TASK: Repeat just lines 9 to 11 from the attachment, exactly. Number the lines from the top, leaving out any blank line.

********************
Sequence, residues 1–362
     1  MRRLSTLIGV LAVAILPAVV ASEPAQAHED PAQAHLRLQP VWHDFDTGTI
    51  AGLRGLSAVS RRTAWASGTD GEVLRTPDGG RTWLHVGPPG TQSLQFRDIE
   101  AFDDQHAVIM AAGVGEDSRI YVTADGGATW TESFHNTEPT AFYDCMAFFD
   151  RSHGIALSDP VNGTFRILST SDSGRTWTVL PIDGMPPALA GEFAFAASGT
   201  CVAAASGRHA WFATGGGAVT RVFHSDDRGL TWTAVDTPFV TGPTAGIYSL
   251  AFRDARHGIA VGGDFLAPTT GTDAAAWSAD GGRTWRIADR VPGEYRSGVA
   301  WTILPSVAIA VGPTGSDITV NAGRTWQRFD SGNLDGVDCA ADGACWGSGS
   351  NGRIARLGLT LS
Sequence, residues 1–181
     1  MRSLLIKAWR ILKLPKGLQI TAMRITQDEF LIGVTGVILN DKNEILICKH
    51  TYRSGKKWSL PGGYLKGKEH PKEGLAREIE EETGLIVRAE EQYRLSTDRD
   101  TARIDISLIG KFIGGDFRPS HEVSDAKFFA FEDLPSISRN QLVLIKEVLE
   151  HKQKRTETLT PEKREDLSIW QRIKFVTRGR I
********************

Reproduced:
   351  NGRIARLGLT LS
Sequence, residues 1–181
     1  MRSLLIKAWR ILKLPKGLQI TAMRITQDEF LIGVTGVILN DKNEILICKH